Spanish pronunciation: [makiladora]) or maquila (IPA: [maˈkila])
Maquiladora is a concept often referred to as a manufacturing operation producing or assembling goods in a country that is not the client's and as such has preferential duty or tariff treatment. This process normally requires a factory that may import materials and equipment on a duty-free and tariff-free basis for assembly or manufacturing and then "re-export" the assembled or manufactured product, sometimes back to the originating country.
A maquila is also referred to as a "twin plant", or "in-bond" industry. The primary examples of this sort of operation occur in Mexico and to a lesser degree parts of Latin America, but also occurs in other countries in the world that have adequate legislation. Currently about 1.8 million Mexicans are employed by maquiladoras.
The term maquiladora, in the Spanish language, refers to the practice of millers charging a maquila, or "miller's portion" for processing other people's grain.
In 1964, the United States ended the Bracero Program, which had previously allowed Mexican agricultural workers to work legally in the US on a seasonal basis. Less than a year after the Bracero Program was closed down, the Mexican Government created the Border Industrialization Program (BIP) or what is known today as the Maquiladora Program. The Maquiladora Program was created to solve the problem of rising unemployment along the border as a result of the Bracero Program being terminated. The maquiladoras soon became attractive to US manufacturer primarily due to the availability of inexpensive labor, subsequent peso devaluations and favorable changes in US Customs laws.
The North American Free Trade Agreement (NAFTA) was signed in 1994 and it launched even more maquiladora operations. To further illustrate NAFTA’s impact on the Maquiladora industry and Mexican workers one only needs to analyze annual employment figures. Maquila employment during the five years prior to NAFTA, had grown at the rate of 47% and this figure increased to 86% during the five years after NAFTA was passed. By 2001, the number of maquiladora factories grew from approximately 2700 to about 3700. During the 1970s, most maquiladora operations were located along the US / Mexico border. By 1994, maquiladora operations began an inward migration into Mexico’s interior.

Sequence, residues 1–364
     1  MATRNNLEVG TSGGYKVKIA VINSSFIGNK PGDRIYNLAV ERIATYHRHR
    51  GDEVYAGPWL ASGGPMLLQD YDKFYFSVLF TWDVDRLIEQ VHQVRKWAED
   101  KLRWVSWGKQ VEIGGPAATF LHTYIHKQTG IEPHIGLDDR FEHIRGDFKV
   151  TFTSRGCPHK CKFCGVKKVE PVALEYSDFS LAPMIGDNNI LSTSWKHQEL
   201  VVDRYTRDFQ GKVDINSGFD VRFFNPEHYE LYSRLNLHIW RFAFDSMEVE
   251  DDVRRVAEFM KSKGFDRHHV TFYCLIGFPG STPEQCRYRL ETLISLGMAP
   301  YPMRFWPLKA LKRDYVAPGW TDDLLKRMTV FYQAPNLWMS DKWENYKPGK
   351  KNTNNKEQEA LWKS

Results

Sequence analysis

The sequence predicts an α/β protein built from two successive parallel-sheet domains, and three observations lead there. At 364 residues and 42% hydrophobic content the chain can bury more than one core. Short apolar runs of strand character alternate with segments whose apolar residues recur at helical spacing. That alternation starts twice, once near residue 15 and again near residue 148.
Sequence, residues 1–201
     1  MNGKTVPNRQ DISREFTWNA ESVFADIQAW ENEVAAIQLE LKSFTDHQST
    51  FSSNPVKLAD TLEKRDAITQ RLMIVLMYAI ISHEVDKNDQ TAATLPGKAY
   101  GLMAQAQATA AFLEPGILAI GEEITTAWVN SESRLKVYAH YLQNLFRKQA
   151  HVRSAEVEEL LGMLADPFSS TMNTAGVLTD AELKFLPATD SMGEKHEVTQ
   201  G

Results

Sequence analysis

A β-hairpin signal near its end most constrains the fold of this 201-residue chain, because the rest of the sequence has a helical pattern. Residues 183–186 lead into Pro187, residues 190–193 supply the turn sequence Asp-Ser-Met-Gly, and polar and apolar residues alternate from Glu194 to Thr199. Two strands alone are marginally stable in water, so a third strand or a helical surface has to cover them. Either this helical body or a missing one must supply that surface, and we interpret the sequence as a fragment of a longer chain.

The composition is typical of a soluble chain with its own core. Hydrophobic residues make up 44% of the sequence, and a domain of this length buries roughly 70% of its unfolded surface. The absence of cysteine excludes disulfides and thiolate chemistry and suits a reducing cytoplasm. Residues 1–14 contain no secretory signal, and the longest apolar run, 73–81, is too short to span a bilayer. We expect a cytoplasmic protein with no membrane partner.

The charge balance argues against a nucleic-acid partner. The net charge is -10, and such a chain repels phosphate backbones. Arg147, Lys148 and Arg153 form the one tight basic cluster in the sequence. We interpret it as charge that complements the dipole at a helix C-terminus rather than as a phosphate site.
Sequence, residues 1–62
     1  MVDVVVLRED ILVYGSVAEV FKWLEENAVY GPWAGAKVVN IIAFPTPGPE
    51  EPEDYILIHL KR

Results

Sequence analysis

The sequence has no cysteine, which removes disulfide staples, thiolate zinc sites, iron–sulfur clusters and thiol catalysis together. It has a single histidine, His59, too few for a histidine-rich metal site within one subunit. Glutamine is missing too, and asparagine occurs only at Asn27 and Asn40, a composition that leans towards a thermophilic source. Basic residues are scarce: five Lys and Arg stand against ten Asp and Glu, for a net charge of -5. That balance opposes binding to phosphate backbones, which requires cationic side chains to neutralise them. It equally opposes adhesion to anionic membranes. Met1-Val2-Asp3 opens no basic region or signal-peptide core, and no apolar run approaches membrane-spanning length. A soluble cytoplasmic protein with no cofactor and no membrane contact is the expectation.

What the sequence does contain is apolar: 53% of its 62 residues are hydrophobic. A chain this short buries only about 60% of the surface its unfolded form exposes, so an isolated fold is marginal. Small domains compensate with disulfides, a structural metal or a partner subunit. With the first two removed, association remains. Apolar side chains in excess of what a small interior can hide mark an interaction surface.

The maquiladora industry suffered setbacks during the Post 911 recession but by 2004 had recovered and constituted 54% of all US-Mexico trade, and by 2005, maquiladora exports accounted for half of all exports from Mexico. The industry has become a critical source of FDI and foreign exchange for Mexico.
In recent history, the maquila industry has faced intense competition from China, India, Malaysia, and Pakistan with the greatest threat coming from China's Special Economic Areas. As labor costs have risen in many of these developing countries along with the costs of shipping goods, some manufacturers have begun returning to Mexico to take advantage of its proximity to the North American market.
Wages and Benefits
In Mexico, there are three different minimum wage structures, depending upon which part of the country a company is operating in. According to the Secretaria Administracion Tributaria (SAT and formerly known as HACIENDA (Mexico’s version of the Internal Revenue Service)), the minimum wage for the border region is considered the highest at 59.82 pesos per day. However, very few maquiladora operations can realistically hire employees at the official minimum wage. The average starting wage for most maquiladora workers is 125 pesos per day. Workers who stay for more than 3 months typically are able to get a significant increase.
Mexico has a 48 hour work week, with employees receiving a full day of pay on Sunday. Additionally, Mexico has a socialized medical system which every employer must pay into, social security, severance pay, paid holidays, mandatory bonuses and child care. Maquiladora operations with more than 150 employees are required to keep a doctor on staff in addition to employees legal access to the public medical system. The fully loaded wage rate for a new unskilled laborer working in a maquiladora can range widely depending upon the industry. At present, taking into consideration all cash and non cash fringe benefits, the fully burdened wage is considered to be about $2.30 an hour.
Customs and Preferential Duty Treatment
One of the primary benefits of Mexico’s Maquiladora Program is that all raw materials, parts and machinery are imported into Mexico on a temporary basis duty free for up to 18 months.
This can be renewed indefinitely for machinery. Raw materials and parts must leave the country as finished goods on a first-in first-out basis over the 18 month period. If a Maquiladora wishes to import a North American Free Trade Agreement (NAFTA) good into the country on a permanent basis, it may do so with no duty but the company is required to pay the Mexican VAT rate of 10% on the value of the good.
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